Sunday, December 6th, 2009
Priest of the Most High God and mirror of goodness,
you were a good shepherd to your people and pleasing to the Lord.
Just how a fourth-century bishop noted for his charity and doctrinal purity morphed into a Nordic magician, we may never know. Still, we might ask whether our culture has benefited from this transformation.
It’s often lamented that the saints are too far removed from everyday life to be actual models for imitation. In their stead, we lift up cultural heroes whose “earthiness” seems to fix them more easily within our sphere of reference. It’s ironic then that America’s Santa Claus, the father of our cultural Christmas celebrations, is more removed from everyday life than his saintly predecessor, Nicholas of Myra.
Santa lives far away, he’s attended to by a seemingly different species of homo sapiens, and flying reindeer pull his always stocked, never depleted sled of goodies. I don’t know about you, but I seem to have little in common with Santa. St. Nicholas, on the other hand, was a real person, who lived with real people, some of whom he clothed and fed, but to all of whom he preached the Gospel. Most importantly, he celebrated the Eucharist for them. These things we can understand. These remain familiar realities.
So how have we benefited from the exchange of St. Nicholas for Santa Claus? Even culturally, what’s the advantage?
Experience teaches us that nature cannot improve upon grace. By removing St. Nicholas from the altar and making him a jolly humanitarian, our culture has created for itself a folk hero who, by making promises based on fantastic powers, eventually disappoints his adoring fans. Contrast this to the Church’s veneration of the communion of saints. When we allow the saints simply to be themselves, they remain real and reliable. As such, they can be our friends, something Santa, sadly enough, can never become.
hear our prayers for mercy,
and by the help of Saint Nicholas
keep us safe from all danger,
and guide us on the way of salvation.
Grant this through our Lord Jesus Christ, your Son,
who lives and reigns with you and the Holy Spirit,
one God, forever and ever. Amen.
At last Wednesday’s General Audience, Pope Benedict XVI continued his reflections on the religious culture of the Middle Ages by discussing the life and thought of William of Saint-Thierry, dubbed the “singer of charity,” who was a friend and biographer of St. Bernard of Clairvaux.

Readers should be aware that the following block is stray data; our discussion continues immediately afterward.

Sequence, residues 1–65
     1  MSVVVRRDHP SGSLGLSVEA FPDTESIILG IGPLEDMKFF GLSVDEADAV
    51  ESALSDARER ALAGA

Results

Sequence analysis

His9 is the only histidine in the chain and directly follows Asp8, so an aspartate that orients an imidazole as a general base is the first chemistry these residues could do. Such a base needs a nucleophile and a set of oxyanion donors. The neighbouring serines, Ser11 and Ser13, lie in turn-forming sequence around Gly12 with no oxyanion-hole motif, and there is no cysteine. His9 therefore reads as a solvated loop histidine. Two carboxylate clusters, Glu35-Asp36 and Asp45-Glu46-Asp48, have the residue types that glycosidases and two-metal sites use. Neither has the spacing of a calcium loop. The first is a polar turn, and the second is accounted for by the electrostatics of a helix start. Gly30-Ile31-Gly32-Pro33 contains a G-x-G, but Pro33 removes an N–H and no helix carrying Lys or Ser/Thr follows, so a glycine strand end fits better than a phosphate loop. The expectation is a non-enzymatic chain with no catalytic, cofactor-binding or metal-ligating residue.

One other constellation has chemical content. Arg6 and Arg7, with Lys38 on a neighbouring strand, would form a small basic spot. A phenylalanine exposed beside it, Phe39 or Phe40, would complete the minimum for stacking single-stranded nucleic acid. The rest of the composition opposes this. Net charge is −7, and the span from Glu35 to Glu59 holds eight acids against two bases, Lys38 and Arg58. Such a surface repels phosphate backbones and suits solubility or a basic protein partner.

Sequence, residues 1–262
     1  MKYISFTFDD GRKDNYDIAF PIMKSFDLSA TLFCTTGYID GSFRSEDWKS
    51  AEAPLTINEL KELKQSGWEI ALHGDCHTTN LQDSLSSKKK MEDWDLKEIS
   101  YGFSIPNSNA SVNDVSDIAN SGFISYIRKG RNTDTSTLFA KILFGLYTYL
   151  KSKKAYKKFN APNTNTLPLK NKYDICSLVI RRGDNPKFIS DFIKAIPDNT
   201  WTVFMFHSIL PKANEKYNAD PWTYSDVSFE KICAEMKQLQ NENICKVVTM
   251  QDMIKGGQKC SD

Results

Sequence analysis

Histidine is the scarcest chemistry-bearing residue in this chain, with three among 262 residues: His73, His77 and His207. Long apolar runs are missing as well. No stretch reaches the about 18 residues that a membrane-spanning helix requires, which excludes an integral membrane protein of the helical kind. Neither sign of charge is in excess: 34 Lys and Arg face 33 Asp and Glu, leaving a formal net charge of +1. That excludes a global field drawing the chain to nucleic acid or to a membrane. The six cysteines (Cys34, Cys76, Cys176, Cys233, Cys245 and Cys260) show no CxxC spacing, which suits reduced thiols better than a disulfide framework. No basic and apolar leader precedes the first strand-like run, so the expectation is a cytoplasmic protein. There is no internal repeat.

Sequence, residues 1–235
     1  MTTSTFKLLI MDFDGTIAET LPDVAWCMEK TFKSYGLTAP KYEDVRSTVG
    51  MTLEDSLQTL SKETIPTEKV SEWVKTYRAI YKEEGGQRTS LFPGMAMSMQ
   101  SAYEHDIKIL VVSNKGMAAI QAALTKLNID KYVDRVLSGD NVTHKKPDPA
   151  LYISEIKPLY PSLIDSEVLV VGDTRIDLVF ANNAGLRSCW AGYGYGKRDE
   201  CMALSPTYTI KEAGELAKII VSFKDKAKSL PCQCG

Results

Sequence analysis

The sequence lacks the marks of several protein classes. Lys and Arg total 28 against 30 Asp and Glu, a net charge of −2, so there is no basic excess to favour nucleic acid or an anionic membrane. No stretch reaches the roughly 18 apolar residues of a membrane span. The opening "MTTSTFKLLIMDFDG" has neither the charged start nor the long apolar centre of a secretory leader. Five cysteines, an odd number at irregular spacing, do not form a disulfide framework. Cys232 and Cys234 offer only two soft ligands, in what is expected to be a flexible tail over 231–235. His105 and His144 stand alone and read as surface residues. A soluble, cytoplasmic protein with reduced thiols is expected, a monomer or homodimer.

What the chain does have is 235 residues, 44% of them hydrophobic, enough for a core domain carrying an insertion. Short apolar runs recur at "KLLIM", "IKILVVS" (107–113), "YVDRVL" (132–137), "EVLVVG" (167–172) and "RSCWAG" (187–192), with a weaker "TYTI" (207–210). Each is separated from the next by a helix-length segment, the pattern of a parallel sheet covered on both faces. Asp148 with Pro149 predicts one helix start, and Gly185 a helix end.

GENERAL AUDIENCE ADDRESS
December 2, 2009
Dear brothers and sisters,
In a previous catechesis I presented the figure of Bernard of Clairvaux, the “Doctor of Sweetness,” great protagonist of the 12th century. His biographer, friend and admirer was William of Saint-Thierry, on whom I will pause in this morning’s reflection.
William was born in Liege between 1075 and 1080. From a noble family, gifted with a lively intelligence and an innate love of study, he frequented famous schools of the time, as that of his native city of Rheims in France. He entered into personal contact also with Abelard, the teacher who applied philosophy to theology in such a particular way as to incite many perplexities and opposition. William also expressed his own reservations, requesting his friend Bernard to take a position in confrontations with Abelard.
William responded to that mysterious and irresistible call of God, which is the vocation to a consecrated life, entering the Benedictine monastery of Saint-Nicaise of Rheims. Widespread at that time was the need to purify and renew monastic life, to render it authentically evangelical. William worked in this sense within his own monastery, and in general in the Benedictine Order. However, he met with not a few resistances in face of his attempts at reform and thus, notwithstanding the contrary advice of his friend Bernard, in 1135 he left the Benedictine abbey, took off the black habit and put on the white one, to join the Cistercians of Signy. From that moment until his death, which occurred in 1148, he dedicated himself to prayerful contemplation of the mysteries of God, always the object of his most profound desires, and to writing spiritual literature, important in the history of monastic theology.
10am Mass and Fiesta
Come bring the whole family and celebrate the gift of Our Lady of Guadalupe
to the American people with the Sisters of Life.
Authentic Mexican food!
Villa Maria Guadalupe
159 Sky Meadow Drive, Stamford, CT 06903
RSVP by December 7th; 203-329-1492